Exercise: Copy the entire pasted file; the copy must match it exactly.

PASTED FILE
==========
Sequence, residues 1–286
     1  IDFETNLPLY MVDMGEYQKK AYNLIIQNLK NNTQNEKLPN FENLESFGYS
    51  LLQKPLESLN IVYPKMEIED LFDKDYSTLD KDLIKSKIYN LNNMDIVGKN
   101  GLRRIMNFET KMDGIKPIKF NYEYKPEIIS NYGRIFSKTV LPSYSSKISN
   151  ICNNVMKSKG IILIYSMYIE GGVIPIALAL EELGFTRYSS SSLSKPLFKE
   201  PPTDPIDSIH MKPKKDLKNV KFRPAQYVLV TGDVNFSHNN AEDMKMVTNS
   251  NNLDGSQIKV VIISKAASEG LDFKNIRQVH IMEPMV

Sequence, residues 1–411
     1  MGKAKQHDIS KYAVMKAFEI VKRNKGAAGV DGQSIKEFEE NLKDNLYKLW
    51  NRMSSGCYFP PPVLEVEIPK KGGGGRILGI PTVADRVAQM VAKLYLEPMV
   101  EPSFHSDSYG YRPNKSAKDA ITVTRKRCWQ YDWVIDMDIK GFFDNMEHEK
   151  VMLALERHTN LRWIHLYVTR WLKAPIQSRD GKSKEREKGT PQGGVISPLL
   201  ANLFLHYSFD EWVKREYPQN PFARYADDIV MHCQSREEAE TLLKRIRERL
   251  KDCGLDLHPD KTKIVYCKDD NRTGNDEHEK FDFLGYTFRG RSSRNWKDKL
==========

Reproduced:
Sequence, residues 1–286
     1  IDFETNLPLY MVDMGEYQKK AYNLIIQNLK NNTQNEKLPN FENLESFGYS
    51  LLQKPLESLN IVYPKMEIED LFDKDYSTLD KDLIKSKIYN LNNMDIVGKN
   101  GLRRIMNFET KMDGIKPIKF NYEYKPEIIS NYGRIFSKTV LPSYSSKISN
   151  ICNNVMKSKG IILIYSMYIE GGVIPIALAL EELGFTRYSS SSLSKPLFKE
   201  PPTDPIDSIH MKPKKDLKNV KFRPAQYVLV TGDVNFSHNN AEDMKMVTNS
   251  NNLDGSQIKV VIISKAASEG LDFKNIRQVH IMEPMV

Sequence, residues 1–411
     1  MGKAKQHDIS KYAVMKAFEI VKRNKGAAGV DGQSIKEFEE NLKDNLYKLW
    51  NRMSSGCYFP PPVLEVEIPK KGGGGRILGI PTVADRVAQM VAKLYLEPMV
   101  EPSFHSDSYG YRPNKSAKDA ITVTRKRCWQ YDWVIDMDIK GFFDNMEHEK
   151  VMLALERHTN LRWIHLYVTR WLKAPIQSRD GKSKEREKGT PQGGVISPLL
   201  ANLFLHYSFD EWVKREYPQN PFARYADDIV MHCQSREEAE TLLKRIRERL
   251  KDCGLDLHPD KTKIVYCKDD NRTGNDEHEK FDFLGYTFRG RSSRNWKDKL